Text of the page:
•The perceived future insolvency of the Medicare “insurance” system will put pressure on the federal government, but that reckoning will likely be postponed because it will be beyond the reelection time horizons of most politicians. States will continue to deal with the burden of the working poor under the ACA and Medicaid. Even states not participating in Medicaid expansion are expected to see increased enrollment and a rise in associated costs as a result of the ACA, and those participating in the expansion will pay 10% of related costs after 2016. That and the problems of local disasters, especially if a pandemic occurs, will lead to pressures on the federal government to provide more leadership. If the states are generally successful, the federal government will not seek a comprehensive solution. If the states fail, and that, in turn, threatens their fiscal integrity, Congress will be more likely to act.
•The states will continue to be a laboratory for implementing health policies, either through waivers or policies that are not directly related to Medicaid. The ACA allows each state to set up its own coverage system within the framework of federal law. In the wake of the ACA’s passage, for example, Vermont began to develop its own system for universal coverage.
The greatest uncertainties, therefore, are not on the financing side, but on the cost-control side. Many cost-oriented measures that seem to work over time have been described previously. They could involve the following:
1.Removing provider incentives and opportunities for overutilization
2.Reducing contribution margins and incomes of providers and suppliers to levels comparable for other professional services through administered pricing or competition
3.Reducing the costs of malpractice coverage and the need for defensive medicine
4.Allowing more international competition to drive down prices
5.Constraining treatment choices to those that are most effective and efficient
6.Encouraging labor substitution for those process steps that can be made routine
7.Empowering primary care providers to control utilization and selfreferral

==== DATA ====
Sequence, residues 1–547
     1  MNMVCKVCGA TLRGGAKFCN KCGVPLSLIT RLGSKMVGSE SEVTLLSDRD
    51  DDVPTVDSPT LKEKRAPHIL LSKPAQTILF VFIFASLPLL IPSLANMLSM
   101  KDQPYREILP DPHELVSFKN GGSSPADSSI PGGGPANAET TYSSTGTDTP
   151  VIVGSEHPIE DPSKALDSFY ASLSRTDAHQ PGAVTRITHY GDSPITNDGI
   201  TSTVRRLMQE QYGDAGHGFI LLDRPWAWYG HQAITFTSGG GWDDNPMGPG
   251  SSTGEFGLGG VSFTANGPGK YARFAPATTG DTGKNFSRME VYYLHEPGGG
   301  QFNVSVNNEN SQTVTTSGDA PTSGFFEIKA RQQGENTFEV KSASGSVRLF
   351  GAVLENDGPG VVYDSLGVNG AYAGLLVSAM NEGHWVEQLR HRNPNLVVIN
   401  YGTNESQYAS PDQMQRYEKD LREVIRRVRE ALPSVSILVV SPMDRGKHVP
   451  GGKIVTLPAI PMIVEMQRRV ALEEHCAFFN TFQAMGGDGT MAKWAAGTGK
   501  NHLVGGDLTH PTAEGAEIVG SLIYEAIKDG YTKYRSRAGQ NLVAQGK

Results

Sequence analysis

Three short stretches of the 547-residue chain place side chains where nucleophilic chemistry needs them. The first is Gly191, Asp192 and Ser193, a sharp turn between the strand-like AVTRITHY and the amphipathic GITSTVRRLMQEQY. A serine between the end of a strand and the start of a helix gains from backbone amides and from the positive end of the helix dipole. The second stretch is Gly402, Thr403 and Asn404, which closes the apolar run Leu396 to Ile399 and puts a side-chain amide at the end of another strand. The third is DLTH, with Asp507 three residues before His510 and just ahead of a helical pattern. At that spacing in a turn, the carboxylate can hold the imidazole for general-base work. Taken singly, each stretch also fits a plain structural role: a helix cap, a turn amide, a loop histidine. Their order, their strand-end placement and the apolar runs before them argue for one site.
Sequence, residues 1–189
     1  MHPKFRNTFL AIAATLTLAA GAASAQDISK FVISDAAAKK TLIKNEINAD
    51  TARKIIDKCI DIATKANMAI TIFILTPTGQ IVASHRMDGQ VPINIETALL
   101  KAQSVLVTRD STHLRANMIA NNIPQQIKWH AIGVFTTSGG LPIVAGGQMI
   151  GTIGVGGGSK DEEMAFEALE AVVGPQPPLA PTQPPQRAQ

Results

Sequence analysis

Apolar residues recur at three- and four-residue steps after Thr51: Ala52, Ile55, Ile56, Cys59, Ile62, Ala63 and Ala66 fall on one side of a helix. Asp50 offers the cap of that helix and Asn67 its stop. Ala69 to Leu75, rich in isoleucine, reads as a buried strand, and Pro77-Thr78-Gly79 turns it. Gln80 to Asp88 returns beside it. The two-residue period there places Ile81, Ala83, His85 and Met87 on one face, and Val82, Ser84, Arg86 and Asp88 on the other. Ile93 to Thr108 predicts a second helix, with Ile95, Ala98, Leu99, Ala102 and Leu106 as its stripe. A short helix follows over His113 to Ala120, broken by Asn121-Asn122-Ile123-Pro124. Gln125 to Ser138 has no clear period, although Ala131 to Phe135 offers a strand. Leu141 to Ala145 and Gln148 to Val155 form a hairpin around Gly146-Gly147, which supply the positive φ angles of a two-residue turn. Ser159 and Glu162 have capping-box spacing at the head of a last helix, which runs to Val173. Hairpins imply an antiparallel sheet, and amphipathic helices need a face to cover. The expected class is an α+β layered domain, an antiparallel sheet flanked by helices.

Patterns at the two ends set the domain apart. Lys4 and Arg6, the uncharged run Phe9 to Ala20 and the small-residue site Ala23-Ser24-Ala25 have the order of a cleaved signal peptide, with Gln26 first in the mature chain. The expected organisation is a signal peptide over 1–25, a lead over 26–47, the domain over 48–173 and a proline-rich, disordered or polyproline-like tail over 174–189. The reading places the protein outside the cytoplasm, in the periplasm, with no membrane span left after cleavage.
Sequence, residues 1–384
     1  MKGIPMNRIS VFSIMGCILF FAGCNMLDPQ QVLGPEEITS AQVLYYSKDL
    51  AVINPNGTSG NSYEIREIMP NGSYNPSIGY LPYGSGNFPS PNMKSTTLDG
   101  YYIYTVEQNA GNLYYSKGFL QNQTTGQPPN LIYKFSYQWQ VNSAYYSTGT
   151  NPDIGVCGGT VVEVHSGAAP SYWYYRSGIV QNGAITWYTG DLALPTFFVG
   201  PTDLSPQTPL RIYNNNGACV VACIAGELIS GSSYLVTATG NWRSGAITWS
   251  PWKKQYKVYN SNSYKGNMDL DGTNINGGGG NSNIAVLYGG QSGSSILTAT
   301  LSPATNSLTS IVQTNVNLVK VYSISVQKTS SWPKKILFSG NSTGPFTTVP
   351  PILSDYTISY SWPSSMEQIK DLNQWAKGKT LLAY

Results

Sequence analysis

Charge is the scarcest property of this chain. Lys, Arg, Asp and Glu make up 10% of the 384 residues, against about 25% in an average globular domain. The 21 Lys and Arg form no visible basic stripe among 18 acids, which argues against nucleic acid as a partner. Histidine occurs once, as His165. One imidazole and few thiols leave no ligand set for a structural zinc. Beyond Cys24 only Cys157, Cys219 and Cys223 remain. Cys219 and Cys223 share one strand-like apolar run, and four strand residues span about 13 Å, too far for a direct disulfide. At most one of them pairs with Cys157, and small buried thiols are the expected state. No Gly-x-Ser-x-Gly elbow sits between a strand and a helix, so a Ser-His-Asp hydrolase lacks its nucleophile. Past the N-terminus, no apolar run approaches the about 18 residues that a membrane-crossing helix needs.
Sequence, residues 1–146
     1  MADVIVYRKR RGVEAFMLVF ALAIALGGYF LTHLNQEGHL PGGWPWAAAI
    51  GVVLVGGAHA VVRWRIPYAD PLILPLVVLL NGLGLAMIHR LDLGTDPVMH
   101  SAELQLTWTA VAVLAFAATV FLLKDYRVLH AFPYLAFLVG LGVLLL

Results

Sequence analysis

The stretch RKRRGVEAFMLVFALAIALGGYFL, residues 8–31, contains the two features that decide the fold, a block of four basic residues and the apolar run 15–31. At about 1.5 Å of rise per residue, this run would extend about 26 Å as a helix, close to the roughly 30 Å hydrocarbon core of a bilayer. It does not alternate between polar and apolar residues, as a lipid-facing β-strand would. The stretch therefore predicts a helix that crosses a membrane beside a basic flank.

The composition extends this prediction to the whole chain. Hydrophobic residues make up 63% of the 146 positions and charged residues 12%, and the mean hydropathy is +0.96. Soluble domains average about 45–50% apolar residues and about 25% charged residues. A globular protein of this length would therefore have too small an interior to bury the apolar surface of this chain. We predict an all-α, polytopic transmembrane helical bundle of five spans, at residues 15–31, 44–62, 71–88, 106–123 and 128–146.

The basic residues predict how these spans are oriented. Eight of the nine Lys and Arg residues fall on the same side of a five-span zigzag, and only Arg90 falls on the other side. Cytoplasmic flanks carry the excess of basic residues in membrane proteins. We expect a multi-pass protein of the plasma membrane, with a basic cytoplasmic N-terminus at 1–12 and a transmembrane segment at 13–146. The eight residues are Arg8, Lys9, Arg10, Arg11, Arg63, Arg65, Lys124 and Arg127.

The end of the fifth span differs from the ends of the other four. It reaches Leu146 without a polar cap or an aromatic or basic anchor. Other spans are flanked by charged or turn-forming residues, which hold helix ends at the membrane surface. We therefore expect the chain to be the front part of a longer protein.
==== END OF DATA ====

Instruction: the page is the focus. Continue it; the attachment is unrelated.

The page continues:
8.Increasing the supply of providers to levels available in other countries
9.Allowing some longer waiting periods for elective procedures to slow consumption
10.Increasing use of information technology to avoid waste and medical error, but also trying to avoid the implementation of these systems in ways that are anticompetitive at both the provider and equipment supplier levels
If the states find they must demand more stringent measures from Washington, or if there is another economic meltdown, then we are likely to see further implementation of measures with more impact. Such measures could include the following:
•Full transparency in health care pricing, including bundled prices for all stages of a specific medical condition
•Legislation to amend the Employee Retirement Income Security Act (ERISA) to allow states to regulate self-insured plans
•Regionalization of care for complex or rare medical conditions, which would require greater patient travel but produce much less waste and better outcomes
•Stronger control of the referral process by primary care providers
•Other aspects of value-based competition (Porter & Teisberg, 2006) in the marketplace, including the following:
•Integrated IT systems reporting bundled prices and quality performance for many more procedures and diagnoses.
•Attention to the total process of care, making it better coordinated and more effective.
•Shifting research budget priorities from developing and evaluating new treatments to evaluating methods already in use and innovating more in process improvement rather than in new product development (Chin et al., 2013).
•Limitations on allowable price discrimination, perhaps along the lines of the Robinson-Patman antitrust law, but applied to individuals.
•Phasing out of laws governing corporate practice of medicine, as well as other restrictive regulations, in order to open up competition on price and results. This needs to be accompanied by licensure procedures that are more closely linked to performance.
Are we saying that the future of our health care depends more on the willingness of others to underwrite our debt—factors that if they change significantly could precipitate an economic breakdown—than on our own democratic processes? That is possible. Noted health economist Victor Fuchs (2002) has suggested that major health system change, such as national health insurance, will come only after the “kind of change that often accompanies a war, a depression or large scale civil unrest” (p. 1824).